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  1.   stlyesterday:

James B. Eads, salvage king of the Mississippi River, promised President Abraham Lincoln he could build iron-armored gunboats in 65 days. On Aug. 7, 1861, Eads won a contract to build seven burly gunboats from a novel design. At $89,000 apiece, each was to carry 13 heavy cannons, have 2.5-inches of armor and be delivered to Cairo, Ill., in 60 days. The gunboats were built in the Eads Boatyard in Carondelet. The gunboat’s five boilers, seen here, sat side-by-side and powered the engines that turned a single enclosed paddlewheel. (U.S. Naval Historical Center)
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    stlyesterday:

    James B. Eads, salvage king of the Mississippi River, promised President Abraham Lincoln he could build iron-armored gunboats in 65 days. On Aug. 7, 1861, Eads won a contract to build seven burly gunboats from a novel design. At $89,000 apiece, each was to carry 13 heavy cannons, have 2.5-inches of armor and be delivered to Cairo, Ill., in 60 days. The gunboats were built in the Eads Boatyard in Carondelet. The gunboat’s five boilers, seen here, sat side-by-side and powered the engines that turned a single enclosed paddlewheel. (U.S. Naval Historical Center)

    See more photos »

    • 5
    • Posted at 3:24 pm on 9.02.2011
  2.   For more than four decades, Tony Faust’s Oyster House and Restaurant, seen here in 1915, was the city’s premier place to eat and be seen. The dedicated clientele included the wealthy and powerful, touring notables, actors, baseball players, boxers and dandies of all sorts. Last call was on June 30, 1916, and the building at Broadway and Elm was demolished in 1933. (St. Louis Post-Dispatch)
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    For more than four decades, Tony Faust’s Oyster House and Restaurant, seen here in 1915, was the city’s premier place to eat and be seen. The dedicated clientele included the wealthy and powerful, touring notables, actors, baseball players, boxers and dandies of all sorts. Last call was on June 30, 1916, and the building at Broadway and Elm was demolished in 1933. (St. Louis Post-Dispatch)

    More photos from Faust’s »

    • 7
    • Posted at 11:00 am on 7.02.2011
  3.   stlyesterday:

The Exposition and Music Hall, at 13th and Olive streets, was the site of the Democratic national convention June 5-7, 1888. It was the second Democratic national convention held in St. Louis. The block-square building had been completed four years earlier. The party renominated President Grover Cleveland without bothering with a formal vote. Cleveland won the popular vote but lost in the Electoral College to Republican Benjamin Harrison. Democrats nominated Cleveland again in 1892, and he won the rematch against President Harrison, making Cleveland the only American president two serve two non-consecutive terms. (Missouri History Museum)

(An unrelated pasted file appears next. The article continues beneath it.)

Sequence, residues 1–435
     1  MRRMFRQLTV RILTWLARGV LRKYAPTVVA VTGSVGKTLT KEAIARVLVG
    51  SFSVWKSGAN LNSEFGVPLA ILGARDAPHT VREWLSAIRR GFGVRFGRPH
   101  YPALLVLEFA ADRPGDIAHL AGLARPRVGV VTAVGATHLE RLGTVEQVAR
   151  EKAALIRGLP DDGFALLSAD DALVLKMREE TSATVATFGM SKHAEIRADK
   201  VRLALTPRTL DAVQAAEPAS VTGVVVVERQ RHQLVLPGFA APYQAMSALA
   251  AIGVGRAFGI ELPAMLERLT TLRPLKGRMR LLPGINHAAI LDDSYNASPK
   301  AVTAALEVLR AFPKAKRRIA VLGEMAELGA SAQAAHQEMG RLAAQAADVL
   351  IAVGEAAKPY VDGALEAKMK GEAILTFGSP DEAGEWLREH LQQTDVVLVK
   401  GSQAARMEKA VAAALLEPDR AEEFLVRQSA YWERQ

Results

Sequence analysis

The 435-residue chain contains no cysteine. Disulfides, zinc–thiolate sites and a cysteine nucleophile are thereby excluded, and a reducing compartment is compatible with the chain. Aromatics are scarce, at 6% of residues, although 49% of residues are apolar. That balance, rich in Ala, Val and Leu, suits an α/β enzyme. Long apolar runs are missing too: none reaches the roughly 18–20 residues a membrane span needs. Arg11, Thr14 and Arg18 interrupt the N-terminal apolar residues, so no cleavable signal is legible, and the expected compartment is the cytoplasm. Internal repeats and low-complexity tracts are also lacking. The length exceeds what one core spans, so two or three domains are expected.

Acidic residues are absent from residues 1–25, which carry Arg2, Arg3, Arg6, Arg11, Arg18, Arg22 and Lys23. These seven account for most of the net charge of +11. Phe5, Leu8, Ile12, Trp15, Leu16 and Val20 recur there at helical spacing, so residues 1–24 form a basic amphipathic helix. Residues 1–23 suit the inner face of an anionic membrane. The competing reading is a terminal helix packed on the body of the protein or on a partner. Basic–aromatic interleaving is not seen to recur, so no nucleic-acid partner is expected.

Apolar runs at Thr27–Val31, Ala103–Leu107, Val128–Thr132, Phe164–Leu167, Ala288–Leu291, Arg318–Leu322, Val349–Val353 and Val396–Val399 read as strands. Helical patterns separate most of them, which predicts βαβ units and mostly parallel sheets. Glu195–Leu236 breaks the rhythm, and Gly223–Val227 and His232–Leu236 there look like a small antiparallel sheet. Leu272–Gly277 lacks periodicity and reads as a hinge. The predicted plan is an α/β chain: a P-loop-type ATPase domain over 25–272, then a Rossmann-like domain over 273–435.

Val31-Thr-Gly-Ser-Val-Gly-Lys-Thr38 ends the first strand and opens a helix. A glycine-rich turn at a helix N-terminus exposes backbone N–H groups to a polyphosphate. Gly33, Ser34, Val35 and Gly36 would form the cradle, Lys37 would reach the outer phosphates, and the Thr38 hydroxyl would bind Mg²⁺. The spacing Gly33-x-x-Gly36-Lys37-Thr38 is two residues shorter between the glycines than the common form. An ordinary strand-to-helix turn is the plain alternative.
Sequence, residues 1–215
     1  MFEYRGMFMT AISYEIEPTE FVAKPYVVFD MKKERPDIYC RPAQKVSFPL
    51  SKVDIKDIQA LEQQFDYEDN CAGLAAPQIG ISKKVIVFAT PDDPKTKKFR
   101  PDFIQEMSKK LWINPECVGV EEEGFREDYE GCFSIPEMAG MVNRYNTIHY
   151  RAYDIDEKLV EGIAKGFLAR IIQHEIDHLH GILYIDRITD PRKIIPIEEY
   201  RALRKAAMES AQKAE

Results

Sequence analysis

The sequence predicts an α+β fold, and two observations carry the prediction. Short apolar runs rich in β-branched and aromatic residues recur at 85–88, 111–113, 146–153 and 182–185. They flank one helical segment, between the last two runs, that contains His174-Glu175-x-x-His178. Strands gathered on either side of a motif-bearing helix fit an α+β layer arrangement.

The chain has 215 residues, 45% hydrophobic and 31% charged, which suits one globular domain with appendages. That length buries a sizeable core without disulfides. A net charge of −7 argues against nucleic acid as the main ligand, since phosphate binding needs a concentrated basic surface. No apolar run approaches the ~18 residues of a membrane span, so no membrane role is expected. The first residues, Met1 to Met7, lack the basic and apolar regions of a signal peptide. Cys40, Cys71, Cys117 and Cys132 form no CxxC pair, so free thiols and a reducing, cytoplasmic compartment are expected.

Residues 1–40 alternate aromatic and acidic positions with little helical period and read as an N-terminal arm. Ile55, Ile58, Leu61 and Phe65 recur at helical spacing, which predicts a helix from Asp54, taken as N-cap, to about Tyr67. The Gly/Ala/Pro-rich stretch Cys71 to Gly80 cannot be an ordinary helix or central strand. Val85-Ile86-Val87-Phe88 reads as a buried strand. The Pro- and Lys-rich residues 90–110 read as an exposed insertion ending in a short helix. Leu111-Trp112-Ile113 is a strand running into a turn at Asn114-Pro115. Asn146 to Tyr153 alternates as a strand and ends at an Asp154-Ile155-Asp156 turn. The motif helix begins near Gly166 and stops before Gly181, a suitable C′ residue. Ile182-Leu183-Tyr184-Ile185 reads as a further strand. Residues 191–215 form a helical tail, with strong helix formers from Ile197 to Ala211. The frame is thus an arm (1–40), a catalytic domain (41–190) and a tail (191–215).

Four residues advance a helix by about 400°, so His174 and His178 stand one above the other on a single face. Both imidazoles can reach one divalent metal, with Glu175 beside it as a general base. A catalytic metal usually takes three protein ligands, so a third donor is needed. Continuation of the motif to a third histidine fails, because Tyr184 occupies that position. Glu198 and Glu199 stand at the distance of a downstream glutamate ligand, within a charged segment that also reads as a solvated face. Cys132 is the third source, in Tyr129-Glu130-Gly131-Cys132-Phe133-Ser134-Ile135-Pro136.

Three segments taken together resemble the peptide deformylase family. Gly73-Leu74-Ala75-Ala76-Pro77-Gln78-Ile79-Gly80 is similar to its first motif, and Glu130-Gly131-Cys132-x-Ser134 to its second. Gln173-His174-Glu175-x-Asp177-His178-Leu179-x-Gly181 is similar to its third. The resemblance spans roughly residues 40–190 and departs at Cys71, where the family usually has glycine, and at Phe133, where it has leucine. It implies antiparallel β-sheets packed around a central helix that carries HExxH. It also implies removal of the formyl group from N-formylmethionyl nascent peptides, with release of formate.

More political conventions held in St. Louis »

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    stlyesterday:

    The Exposition and Music Hall, at 13th and Olive streets, was the site of the Democratic national convention June 5-7, 1888. It was the second Democratic national convention held in St. Louis. The block-square building had been completed four years earlier. The party renominated President Grover Cleveland without bothering with a formal vote. Cleveland won the popular vote but lost in the Electoral College to Republican Benjamin Harrison. Democrats nominated Cleveland again in 1892, and he won the rematch against President Harrison, making Cleveland the only American president two serve two non-consecutive terms. (Missouri History Museum)

    More political conventions held in St. Louis »

    • 10
    • Posted at 6:24 pm on 6.10.2011
  4.   stlyesterday:

An F4 tornado tore through St. Louis and East St. Louis on May 27, 1896 — 115 years ago today. This scene at the southwest corner of Seventh and Rutger streets (left foreground) was the deadliest spot along the tornado’s 10-mile path, which was roughly along today’s Interstate 44 and across the Mississippi River. Seventeen people were killed when a three-story tenement building collapsed. Frederick Mauchenheimer, who ran a tavern on the ground floor, was playing cards with two patrons when the storm hit; they were among the dead.  Across the street, another six died. In all, 225 people were killed in the Great Cyclone; it is still Missouri’s deadliest tornado. (Missouri History Museum)
See more photos from the Great Cyclone »

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    stlyesterday:

    An F4 tornado tore through St. Louis and East St. Louis on May 27, 1896 — 115 years ago today. This scene at the southwest corner of Seventh and Rutger streets (left foreground) was the deadliest spot along the tornado’s 10-mile path, which was roughly along today’s Interstate 44 and across the Mississippi River. Seventeen people were killed when a three-story tenement building collapsed. Frederick Mauchenheimer, who ran a tavern on the ground floor, was playing cards with two patrons when the storm hit; they were among the dead.  Across the street, another six died. In all, 225 people were killed in the Great Cyclone; it is still Missouri’s deadliest tornado. (Missouri History Museum)

    See more photos from the Great Cyclone »

    • 6
    • Posted at 10:40 am on 5.29.2011